The animation disk for the Animation Machine consists of a series of ten consecutive images arranged around the circumference of a disk. In the example below, the images consist of a horse galloping around the edge of the disk.

Edward Muybridge, the photographer who designed the first animated movie projection machine, captured thousands of images of animals in motion. These images are freely available on the Internet, and can be downloaded for use with animation disks.

After downloading the image sequence of interest, open the Silhouette Studio Animation Disk Template.

This template consists of a disk divided into ten segments indicated by the dashed grey lines.

Use the Merge function to import a sequence of images. If the images are imported as a single block, the Knife tool can be used to separate them. The next step in the process of creating an animation disk involves adjusting the size of the images to that they will fit on the disk. The scale of all of the images must be adjusted as a group, so that their relative sizes remain the same.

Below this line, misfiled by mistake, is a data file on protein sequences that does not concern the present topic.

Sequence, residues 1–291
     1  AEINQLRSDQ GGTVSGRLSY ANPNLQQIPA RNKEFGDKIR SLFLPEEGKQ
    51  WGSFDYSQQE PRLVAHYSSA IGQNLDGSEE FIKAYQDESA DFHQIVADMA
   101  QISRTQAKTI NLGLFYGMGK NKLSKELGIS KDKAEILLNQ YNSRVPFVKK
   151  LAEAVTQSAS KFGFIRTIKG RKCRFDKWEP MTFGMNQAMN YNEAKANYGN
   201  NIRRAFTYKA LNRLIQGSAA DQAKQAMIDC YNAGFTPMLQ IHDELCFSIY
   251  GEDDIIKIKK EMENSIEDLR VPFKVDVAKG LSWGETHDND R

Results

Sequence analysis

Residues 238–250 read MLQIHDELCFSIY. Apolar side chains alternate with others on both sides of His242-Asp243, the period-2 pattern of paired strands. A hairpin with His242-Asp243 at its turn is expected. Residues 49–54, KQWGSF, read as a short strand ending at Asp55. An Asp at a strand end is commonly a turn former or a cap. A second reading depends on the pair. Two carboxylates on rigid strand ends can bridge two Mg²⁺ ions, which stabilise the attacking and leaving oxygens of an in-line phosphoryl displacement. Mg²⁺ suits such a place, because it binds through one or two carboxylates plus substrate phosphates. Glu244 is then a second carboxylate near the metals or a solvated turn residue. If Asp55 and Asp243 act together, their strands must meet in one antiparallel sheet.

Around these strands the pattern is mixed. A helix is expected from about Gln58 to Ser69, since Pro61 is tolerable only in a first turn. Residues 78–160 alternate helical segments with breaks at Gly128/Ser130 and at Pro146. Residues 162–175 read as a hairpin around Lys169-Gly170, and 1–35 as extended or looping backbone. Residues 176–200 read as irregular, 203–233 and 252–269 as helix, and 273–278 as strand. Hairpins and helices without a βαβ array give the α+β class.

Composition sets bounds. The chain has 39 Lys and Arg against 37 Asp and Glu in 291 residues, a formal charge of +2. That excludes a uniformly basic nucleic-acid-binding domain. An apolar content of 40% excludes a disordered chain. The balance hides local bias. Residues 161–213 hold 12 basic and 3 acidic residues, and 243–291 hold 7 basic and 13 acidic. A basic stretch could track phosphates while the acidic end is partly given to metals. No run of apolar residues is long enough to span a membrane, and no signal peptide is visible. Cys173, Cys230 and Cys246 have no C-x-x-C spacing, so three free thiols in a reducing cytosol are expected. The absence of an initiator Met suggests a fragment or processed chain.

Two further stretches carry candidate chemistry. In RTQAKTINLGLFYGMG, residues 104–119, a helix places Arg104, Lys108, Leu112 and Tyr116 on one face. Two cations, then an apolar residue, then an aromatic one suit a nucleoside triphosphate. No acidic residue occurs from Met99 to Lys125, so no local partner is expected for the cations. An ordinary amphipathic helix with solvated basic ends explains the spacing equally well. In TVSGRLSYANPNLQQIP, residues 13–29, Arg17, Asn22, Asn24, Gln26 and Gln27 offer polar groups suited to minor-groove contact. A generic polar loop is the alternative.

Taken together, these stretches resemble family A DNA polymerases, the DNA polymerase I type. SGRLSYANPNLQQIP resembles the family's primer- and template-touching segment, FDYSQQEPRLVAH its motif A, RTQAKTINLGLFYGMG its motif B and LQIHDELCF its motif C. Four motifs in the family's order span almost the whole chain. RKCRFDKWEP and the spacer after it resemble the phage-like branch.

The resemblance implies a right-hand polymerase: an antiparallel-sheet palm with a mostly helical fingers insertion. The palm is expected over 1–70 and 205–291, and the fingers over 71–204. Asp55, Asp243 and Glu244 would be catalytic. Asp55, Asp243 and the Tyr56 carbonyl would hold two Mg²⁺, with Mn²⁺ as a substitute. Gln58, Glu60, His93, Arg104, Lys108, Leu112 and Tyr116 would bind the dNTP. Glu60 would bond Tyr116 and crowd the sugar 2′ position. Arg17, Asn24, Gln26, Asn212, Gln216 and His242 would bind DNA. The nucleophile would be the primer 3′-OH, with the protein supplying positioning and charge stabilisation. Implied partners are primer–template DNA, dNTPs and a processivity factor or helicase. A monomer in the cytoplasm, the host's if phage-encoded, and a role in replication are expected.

Then position each image around the circumference of the disk. As you position each image, use the Rotate Handle to rotate the image so that its orientation is correct. The final result will look like the image below.

The red lines indicate the lines that the Silhouette die cutter will cut out.  The dashed gray lines in the template are used as a guide to position the images, but do not print because the line width has been set to zero. Links to the Silhouette Studio Animation Disk Template and a sample set of galloping horse images are provided below. These can be used to create a practice disk.

Many hundreds of Muybridge image sequences can be downloaded from the Internet. Animation sequences can also be drawn by hand on the disk.  Computers can also be used to create animations. Peter Reynolds is an artist who invented an animation program, Animation-ish, that can be used to create image sequences for animation disks.

A sample animation sequence created with Animation-ish is provided in the link below.